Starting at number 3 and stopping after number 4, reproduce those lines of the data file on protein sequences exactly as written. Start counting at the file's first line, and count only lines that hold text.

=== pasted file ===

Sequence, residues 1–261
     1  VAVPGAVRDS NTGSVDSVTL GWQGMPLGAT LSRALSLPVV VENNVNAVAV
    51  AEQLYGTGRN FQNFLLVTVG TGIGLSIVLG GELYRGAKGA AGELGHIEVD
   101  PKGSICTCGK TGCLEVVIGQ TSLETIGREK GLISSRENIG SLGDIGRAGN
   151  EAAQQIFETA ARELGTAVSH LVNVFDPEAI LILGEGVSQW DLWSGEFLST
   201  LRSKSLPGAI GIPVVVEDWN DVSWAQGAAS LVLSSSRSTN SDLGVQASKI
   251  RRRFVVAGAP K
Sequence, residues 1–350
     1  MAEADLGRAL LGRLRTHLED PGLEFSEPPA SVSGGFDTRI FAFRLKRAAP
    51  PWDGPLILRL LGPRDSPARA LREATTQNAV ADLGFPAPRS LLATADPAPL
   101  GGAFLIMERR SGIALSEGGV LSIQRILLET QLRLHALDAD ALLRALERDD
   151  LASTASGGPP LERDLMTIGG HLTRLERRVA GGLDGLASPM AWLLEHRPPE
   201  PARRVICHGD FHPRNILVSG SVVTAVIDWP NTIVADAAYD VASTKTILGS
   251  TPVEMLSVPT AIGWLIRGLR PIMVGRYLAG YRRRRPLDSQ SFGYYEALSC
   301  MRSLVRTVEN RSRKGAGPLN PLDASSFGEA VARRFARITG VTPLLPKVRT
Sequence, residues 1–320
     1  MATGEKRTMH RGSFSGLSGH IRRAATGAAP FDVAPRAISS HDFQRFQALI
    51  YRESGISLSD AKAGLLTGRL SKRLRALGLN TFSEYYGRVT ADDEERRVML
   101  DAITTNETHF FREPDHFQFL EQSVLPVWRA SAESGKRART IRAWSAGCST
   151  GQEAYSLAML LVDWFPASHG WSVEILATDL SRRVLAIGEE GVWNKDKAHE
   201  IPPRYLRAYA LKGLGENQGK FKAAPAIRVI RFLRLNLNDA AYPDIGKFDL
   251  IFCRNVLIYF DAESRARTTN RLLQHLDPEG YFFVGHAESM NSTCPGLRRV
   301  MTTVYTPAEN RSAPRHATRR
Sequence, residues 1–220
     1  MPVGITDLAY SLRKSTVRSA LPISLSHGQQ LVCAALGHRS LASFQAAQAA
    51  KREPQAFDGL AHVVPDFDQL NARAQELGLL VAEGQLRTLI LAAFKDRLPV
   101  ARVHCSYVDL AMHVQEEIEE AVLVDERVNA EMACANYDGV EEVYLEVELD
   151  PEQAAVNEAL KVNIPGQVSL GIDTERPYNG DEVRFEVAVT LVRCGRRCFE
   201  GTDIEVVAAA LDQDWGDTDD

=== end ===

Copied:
    51  AEQLYGTGRN FQNFLLVTVG TGIGLSIVLG GELYRGAKGA AGELGHIEVD
   101  PKGSICTCGK TGCLEVVIGQ TSLETIGREK GLISSRENIG SLGDIGRAGN